While the Kingston spill may have been the worst of its kind in recorded history, it was not the first, nor would it be the last. Less than three years later, on Halloween 2011, the collapse of a bluff made of coal ash dumped a plume of ash the length of a football field, along with dirt, rocks, a pickup truck, and dredging equipment, into Lake Michigan. The culprit there was the We Energies Oak Creek Power Plant in Milwaukee County, Wisconsin.[vi] And in February 2014, a spill of 39,000 tons of coal ash slurry from a Duke Energy impoundment fanned into North Carolina’s Dan River. Federal investigators have launched a criminal investigation into the spill.[vii]
Following the Kingston episode, newly appointed EPA Administrator Lisa Jackson promised to reexamine the agency’s long-standing reluctance to regulate coal ash and to consider a new rule that would compel safer disposal of coal ash and the reinforcement of old, poorly designed, and carelessly maintained coal-ash dumps.[viii] As originally proposed, the rule would have had the agency regulate coal ash as a hazardous waste under Subtitle C of the Resource Conservation and Recovery Act (RCRA), the federal environmental law that governs general waste disposal. The stringent Subtitle C option would authorize the agency to require cleanup and reinforcement of existing coal ash pits and to require liners and covers for new disposal facilities. The proposal cited two distinct categories of harm that justified imposing stringent federal controls on disposal: (1) the migration of toxic constituents of the ash into the environment, especially groundwater; and (2) the probable recurrence of spills like the one in Kingston.
What’s the Holdup?
The EPA’s coal ash rulemaking has been plagued by a series of delays from the very beginning. In October 2009, the EPA sent the draft of a proposed rule to Cass Sunstein, the White House “regulatory czar,” known more formally as the administrator of the Office of Management and Budget’s (OMB) Office of Information and Regulatory Affairs (OIRA), which reviews every “significant” rule proposed or finalized by Executive Branch agencies and departments. The agency’s efforts were quickly thwarted when an intensive industry lobbying campaign provoked the White House to rewrite the proposal, which ultimately derailed the momentum of the rulemaking.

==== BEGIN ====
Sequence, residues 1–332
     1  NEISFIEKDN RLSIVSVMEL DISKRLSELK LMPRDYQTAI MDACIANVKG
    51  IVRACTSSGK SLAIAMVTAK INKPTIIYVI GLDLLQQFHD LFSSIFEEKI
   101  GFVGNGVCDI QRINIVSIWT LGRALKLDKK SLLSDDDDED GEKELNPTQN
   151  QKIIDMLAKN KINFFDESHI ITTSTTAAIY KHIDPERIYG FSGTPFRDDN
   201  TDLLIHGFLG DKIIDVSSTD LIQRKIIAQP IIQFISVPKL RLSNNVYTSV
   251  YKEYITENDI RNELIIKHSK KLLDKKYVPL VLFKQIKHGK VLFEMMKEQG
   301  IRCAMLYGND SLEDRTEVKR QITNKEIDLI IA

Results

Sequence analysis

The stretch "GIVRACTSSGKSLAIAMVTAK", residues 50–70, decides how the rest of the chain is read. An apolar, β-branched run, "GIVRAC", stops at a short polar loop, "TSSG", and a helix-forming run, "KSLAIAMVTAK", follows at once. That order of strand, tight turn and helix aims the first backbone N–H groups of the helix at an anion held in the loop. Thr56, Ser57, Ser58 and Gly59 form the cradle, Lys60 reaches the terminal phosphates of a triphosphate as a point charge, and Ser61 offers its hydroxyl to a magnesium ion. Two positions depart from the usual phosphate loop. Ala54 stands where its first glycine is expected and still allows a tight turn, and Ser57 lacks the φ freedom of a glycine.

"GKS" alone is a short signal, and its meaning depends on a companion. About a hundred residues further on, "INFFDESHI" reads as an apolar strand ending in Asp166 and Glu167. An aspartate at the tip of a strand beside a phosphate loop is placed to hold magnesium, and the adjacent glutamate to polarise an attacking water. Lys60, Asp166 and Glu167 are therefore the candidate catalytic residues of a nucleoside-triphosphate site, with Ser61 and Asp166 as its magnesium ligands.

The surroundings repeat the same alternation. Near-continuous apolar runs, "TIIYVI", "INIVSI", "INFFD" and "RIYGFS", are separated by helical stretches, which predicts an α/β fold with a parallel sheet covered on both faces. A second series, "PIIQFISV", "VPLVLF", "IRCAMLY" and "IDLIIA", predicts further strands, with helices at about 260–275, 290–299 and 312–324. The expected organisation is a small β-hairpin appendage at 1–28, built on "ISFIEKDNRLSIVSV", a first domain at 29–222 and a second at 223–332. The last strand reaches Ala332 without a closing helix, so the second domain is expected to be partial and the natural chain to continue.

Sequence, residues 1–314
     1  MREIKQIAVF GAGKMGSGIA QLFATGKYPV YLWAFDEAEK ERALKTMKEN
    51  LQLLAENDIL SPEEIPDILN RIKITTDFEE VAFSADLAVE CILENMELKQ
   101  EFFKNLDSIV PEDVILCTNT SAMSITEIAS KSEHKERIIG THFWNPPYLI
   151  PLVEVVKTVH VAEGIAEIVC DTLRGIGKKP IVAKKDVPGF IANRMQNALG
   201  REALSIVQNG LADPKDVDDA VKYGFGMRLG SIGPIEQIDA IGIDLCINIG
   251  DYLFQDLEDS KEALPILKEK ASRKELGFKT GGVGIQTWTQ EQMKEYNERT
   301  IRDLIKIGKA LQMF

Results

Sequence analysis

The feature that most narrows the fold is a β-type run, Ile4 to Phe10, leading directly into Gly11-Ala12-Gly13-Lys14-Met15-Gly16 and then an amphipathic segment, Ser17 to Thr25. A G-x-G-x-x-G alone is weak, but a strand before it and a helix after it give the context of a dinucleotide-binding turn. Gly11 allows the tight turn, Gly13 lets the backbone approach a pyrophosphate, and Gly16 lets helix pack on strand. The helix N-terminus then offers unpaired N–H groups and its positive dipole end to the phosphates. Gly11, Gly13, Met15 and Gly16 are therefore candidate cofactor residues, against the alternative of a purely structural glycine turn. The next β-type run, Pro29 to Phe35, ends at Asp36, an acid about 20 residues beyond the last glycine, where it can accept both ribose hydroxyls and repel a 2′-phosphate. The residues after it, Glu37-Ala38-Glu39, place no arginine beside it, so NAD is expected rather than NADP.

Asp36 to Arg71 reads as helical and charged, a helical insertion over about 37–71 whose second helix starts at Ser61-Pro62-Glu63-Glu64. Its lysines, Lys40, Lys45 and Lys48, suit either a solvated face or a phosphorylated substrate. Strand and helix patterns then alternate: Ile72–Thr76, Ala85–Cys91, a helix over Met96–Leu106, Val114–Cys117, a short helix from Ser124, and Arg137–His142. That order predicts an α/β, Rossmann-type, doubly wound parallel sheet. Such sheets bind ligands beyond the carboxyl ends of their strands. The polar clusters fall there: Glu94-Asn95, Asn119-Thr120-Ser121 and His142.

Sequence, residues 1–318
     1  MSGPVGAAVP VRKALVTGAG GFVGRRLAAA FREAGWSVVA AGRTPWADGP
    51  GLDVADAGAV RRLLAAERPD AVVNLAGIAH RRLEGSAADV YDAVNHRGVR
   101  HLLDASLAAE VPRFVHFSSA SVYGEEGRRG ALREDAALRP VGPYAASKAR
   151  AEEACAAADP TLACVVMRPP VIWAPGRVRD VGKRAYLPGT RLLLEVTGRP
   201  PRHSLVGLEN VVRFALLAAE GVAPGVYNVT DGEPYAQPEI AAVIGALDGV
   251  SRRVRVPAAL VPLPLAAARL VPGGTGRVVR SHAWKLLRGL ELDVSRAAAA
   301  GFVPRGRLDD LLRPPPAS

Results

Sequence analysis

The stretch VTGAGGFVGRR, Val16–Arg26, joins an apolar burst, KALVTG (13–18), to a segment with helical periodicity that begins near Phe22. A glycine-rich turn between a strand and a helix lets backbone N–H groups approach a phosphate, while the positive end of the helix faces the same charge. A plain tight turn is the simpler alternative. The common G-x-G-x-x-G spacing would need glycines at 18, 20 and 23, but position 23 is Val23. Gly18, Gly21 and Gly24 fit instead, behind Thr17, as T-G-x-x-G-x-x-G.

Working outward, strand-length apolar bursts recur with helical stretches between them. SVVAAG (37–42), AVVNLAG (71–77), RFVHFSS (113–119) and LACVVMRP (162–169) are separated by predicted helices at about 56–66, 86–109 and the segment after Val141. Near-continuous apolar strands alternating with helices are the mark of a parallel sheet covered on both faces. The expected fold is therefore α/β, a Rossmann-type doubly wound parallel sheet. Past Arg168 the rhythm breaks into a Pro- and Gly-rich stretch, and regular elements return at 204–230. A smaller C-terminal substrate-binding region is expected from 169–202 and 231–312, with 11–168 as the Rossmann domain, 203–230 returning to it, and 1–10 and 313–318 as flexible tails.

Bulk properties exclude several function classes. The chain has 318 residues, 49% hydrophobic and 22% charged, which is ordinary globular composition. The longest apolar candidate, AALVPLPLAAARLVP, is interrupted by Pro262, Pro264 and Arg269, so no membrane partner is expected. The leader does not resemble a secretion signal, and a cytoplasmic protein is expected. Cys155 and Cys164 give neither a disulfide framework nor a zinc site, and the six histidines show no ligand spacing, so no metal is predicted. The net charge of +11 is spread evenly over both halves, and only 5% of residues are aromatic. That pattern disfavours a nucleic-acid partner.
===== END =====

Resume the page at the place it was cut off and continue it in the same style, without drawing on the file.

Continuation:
The White House team lead by Administrator Sunstein spent seven months rewriting the EPA’s proposal to the point that it was barely recognizable when it was published in the Federal Register for comment in May of 2010. Not only did White House economists add hundreds of millions of dollars in “costs” to the proposal’s cost-benefit analysis based on their unsubstantiated theory that regulating coal ash as a hazardous waste would create a “stigma” effect that in turn would discourage future recycling of the pollutant; they used these imagined costs to justify adding two much weaker alternatives to the original EPA Subtitle C option. One would allow the states to continue to regulate coal ash as a “solid waste” under Subtitle D of RCRA when it is disposed on land, essentially leaving all regulatory decisions and enforcement to state discretion. The second, a so-called “D prime” option, would allow all existing coal ash disposal landfills and surface impoundments to continue to function without change for the remainder of their useful lives.[ix]